Everything is connected. We’ve heard that many a time. A concrete expression of that axiom came to live among us. Herein is the nature of it. Barbara Zerr an alumna of Blessed Sacrament Academy called, wondering if we had something her grandson could do for an Eagle Scout Project.
The calendar rolled over another month, another year and a phone call from Sharon Boren arrived. Could she and her son Grant Boren, grandson and Eagle Scout hopeful, come to visit, to observe, to discuss a possible Eagle Scout Project? And so they arrived – mom, dad and Grant. They looked over the plans we prepared for a garden area we pictured in a quadrangle between the clinic and the science lab/social worker portable.
The principal requested a boulder, a bubbling fountain, rubberized ground cover and a variety of plants. I wanted indestructible benches, a drain traversing from tip to end, and no bubbling water fountain. The nurse wanted raised beds for vegetables and flowers. The Borens never blinked!
And, when they returned, they had ideas of their own. This plant rather than that would work better. One boulder, not two, would fit their expanding budget. How about pebbles rather than rubberized mulch? For a Boy Scout project this was becoming huge. Yet, not to worry, grandparents, parents, Grant and other scouts and parents pulled together and it happened.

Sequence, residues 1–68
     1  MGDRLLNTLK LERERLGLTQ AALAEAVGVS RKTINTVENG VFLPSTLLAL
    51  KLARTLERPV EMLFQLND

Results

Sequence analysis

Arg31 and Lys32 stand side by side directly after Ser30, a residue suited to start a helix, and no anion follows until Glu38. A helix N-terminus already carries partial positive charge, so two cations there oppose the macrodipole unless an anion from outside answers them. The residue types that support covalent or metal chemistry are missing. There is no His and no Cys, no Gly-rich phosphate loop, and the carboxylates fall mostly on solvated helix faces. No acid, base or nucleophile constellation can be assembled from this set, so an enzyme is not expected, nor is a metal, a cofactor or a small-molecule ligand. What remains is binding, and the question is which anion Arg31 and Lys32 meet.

How will we call the new space, I asked? I had ideas of my own. Yet, I was pleased when the students from our alternative high school came back with the answer, “ we want to call it the Garden of Dreams”. I knew the project had made its mark, both for Grant and for us.
The pages of permission, explanation and completion have been signed, sealed and delivered. Grant Boren was declared an Eagle Scout – an accomplishment of demonstrated responsibility and honor. And he left us with:
Corn is tasseling (two ears of it). Sweet potatoes are due in early September. Eggplant is blossoming, tomato plants sport a few green tomatoes, herbs are ready for use, jalapeños are green and bushy and without fruit. Angie Branson, nurse and gardener, is wondering why there is a rather sparse harvest. We shake our heads and offer the consolation that the weather has just has been too hot, the worst ever. Next week the students will arrive and get a lesson in plant recognition and perhaps see the fruit of it in the Fall.
We continue in gratitude to Grant Boren, Mom and family for a project which will last and last. Your contributions and hard work live on in plants, bird bath, benches and just a lovely atmosphere in a space of green earth. We thank you. God bless you.